“I didn’t say I wouldn’t come, I just … I just wanted a plan first.”
But even as she mumbled it, she knew she was making justifications. This would not look good to Bildad if he was alive when this was all over. Really though, what were the odds she would be alive when this was all over if she did anything differently. Still, didn’t she, in a sense, owe her life to Simon from back in the pass in the first place?
“Ow … Ferus! What am I supposed to do?”
The wind whipped a strip of Bart’s tattered cloak so it slapped against her calf, causing it to sting. Punishing her for her choices the last time she was in danger from weirs? She found herself taking slow, tentative steps in the direction Argent had run. Her insides were clenched tight and her eyes were blurry. She scrubbed her eyes on her sleeve and looked for where Argent’s path had left prints in the mud or patches of snow. He definitely wasn’t trying to hide his path. Even she could see it clearly.
The horn sounded again. She was getting nearer but very slowly. She took a long blink, made her decision, and sprinted, or at least hobbled more quickly, towards the sound. She slowed again when she could hear pants, grunts and growls. Figures moved between the trees. She hid behind a trunk she thought might we wider around then she was, then peeked around the side.
She counted at least seven weirs surrounding the barbarian from the pass. They had Simon cornered, making a last stand with his back against three large trees growing into each other uphill of him. The weirs kept darted in and out from different directions trying to find an opening. He swung a club with his right arm to keep two of the monsters at bay but another dashed in and took a new gash out of his left arm, already dripping blood. He made a noise and his horn slipped from his grip.
Where was his sword, where were Bildad or Argent? Martha looked around frantically. There was no sign of the other barbarians but she did see the sword, couldn’t miss it really with the glow it gave off. It was maybe sixty paces away and lodged in a motionless weir. If she could get it to Simon, maybe he would have a better chance.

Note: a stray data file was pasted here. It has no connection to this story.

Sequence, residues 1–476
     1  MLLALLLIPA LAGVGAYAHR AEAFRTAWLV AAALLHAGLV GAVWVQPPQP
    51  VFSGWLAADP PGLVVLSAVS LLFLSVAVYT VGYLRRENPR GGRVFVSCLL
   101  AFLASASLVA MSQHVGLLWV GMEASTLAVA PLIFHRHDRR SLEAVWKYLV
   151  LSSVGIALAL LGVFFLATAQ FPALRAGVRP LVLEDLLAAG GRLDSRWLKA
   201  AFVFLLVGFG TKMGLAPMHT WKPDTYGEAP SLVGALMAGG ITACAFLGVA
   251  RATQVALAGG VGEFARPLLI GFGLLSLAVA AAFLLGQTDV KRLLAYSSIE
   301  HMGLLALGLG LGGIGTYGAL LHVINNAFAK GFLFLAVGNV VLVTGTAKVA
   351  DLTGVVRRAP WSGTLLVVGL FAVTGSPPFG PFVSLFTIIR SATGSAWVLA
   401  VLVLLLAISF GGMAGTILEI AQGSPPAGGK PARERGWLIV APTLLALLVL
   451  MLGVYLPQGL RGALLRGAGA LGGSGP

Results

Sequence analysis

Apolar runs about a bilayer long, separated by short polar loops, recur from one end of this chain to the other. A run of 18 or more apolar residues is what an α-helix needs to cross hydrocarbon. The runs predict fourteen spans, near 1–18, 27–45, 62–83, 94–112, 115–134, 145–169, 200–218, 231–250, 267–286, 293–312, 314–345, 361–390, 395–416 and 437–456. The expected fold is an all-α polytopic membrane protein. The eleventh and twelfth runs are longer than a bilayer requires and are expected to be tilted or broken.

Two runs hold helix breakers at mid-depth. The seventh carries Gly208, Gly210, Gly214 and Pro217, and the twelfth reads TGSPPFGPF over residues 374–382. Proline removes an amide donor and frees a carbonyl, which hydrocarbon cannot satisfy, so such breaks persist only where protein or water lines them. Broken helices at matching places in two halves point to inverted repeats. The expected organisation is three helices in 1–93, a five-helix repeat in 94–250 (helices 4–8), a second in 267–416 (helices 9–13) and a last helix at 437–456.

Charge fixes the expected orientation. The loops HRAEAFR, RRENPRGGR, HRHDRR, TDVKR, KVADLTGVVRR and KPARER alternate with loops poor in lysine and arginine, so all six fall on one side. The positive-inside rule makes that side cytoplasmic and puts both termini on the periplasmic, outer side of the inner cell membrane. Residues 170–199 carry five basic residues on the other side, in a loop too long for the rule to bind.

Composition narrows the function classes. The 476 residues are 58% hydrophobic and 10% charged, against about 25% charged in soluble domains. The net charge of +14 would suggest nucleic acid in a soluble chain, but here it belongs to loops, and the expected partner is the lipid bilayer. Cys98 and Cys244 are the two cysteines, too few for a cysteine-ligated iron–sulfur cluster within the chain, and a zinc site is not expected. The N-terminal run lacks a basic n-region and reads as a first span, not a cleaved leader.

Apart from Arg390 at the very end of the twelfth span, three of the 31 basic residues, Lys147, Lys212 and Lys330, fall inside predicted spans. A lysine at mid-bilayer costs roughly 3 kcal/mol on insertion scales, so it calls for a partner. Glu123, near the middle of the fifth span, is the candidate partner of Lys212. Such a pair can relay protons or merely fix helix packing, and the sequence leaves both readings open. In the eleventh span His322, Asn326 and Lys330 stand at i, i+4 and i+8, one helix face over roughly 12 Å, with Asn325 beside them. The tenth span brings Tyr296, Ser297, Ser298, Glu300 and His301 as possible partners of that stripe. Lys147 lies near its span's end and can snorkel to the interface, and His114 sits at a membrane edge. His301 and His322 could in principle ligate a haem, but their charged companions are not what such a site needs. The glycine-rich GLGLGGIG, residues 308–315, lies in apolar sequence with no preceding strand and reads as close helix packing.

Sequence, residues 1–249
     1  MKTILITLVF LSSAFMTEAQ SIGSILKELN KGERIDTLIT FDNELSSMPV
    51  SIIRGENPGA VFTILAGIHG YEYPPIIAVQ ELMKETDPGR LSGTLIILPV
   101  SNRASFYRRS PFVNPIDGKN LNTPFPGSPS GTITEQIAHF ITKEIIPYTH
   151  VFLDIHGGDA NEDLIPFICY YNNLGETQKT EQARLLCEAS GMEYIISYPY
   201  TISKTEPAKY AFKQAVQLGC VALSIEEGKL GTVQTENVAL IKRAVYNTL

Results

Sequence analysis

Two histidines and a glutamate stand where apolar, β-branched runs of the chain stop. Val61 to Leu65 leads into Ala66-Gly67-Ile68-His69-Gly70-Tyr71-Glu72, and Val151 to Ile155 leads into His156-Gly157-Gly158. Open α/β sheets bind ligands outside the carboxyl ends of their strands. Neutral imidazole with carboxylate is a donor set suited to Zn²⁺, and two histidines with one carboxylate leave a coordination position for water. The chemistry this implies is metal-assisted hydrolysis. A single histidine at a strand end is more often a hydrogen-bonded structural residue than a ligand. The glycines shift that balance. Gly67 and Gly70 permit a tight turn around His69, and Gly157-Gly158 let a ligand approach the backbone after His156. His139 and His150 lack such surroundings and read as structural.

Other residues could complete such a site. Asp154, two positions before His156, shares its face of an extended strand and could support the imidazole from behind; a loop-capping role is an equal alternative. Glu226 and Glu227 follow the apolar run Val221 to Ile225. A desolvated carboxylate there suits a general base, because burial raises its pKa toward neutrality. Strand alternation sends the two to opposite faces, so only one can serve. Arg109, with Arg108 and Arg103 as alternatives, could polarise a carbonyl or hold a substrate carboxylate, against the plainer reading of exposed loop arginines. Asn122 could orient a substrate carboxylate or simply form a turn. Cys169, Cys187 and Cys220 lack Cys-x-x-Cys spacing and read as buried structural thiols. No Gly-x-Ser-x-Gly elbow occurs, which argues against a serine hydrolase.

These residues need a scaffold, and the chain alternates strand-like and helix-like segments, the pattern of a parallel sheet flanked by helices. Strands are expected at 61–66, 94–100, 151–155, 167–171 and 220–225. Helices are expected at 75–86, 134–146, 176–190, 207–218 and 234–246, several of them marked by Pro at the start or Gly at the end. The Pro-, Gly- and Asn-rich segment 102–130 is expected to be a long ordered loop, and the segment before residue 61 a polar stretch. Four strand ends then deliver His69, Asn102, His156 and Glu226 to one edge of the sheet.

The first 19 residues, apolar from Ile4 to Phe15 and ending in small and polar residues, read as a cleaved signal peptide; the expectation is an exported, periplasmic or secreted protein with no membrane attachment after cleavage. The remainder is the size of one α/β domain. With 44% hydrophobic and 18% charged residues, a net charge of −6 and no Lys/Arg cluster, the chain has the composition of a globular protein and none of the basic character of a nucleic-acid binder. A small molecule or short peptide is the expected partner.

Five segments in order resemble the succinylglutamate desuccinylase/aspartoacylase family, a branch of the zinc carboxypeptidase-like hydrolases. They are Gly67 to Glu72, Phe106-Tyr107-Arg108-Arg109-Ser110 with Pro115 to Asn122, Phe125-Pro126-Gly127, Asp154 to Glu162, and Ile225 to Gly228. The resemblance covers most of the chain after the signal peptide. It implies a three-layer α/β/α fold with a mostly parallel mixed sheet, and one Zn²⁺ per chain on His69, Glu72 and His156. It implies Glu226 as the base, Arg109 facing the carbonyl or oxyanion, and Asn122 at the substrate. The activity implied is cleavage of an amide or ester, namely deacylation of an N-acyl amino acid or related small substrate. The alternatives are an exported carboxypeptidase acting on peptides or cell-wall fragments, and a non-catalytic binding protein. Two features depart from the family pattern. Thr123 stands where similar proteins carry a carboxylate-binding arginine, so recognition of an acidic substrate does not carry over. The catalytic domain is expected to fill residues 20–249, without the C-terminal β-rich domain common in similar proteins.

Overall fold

She picked a likely tree about a third of the way, took a deep breath, and dashed to it for cover. She tumbled in a heap, gashing the water skin and knocking a chink in Argent’s horn. She was building her nerve up to check if she had been spotted when she heard Simon roar.
“Argent! No! Run!”
She glanced around to see the huge man sprinting in her direction. A beat later a half dozen weirs gave voice. They closed on his undefended back while his attention was to her left. There Argent stood brandishing his flute like a dagger as the largest of the beasts charged toward him. The mountain of tangled hair sent chunks of sod flying with every stride of its blood spattered claws. The distance between them disappeared.
Simon’s shoulder smacked into the beast’s flank. Scrambling to regain its purchase, it slid downhill and through a rotting pine. Somersaulting, it shook it’s head and regained it’s feet. Simon spun and shattered his club on the snout of his nearest pursuer. This granted him just enough time to grab Argent and fling him into the branches of the closest tree.
“For the glory of Ferus!”
The cry, followed by another sentry horn, came from downhill. The weir Simon had deflected howled and about half of the pack turned towards Bildad climbing the mountain with his curved blade held above his head and his horn returning to his side. The horn …
Martha whipped her head back to Argent. His legs were locked around a limb and he struggled to pull his father to safety. One, two and then three weir’s latched onto Simon’s body, pulling the other direction.
She hunched her back against her tree and sounded her horn, dropped it. Fumbling with the dagger she made herself as small as possible. Maybe, just maybe, some of the weirs would think another Warrior had arrived. Maybe that would be enough to let Argent haul Simon away from death.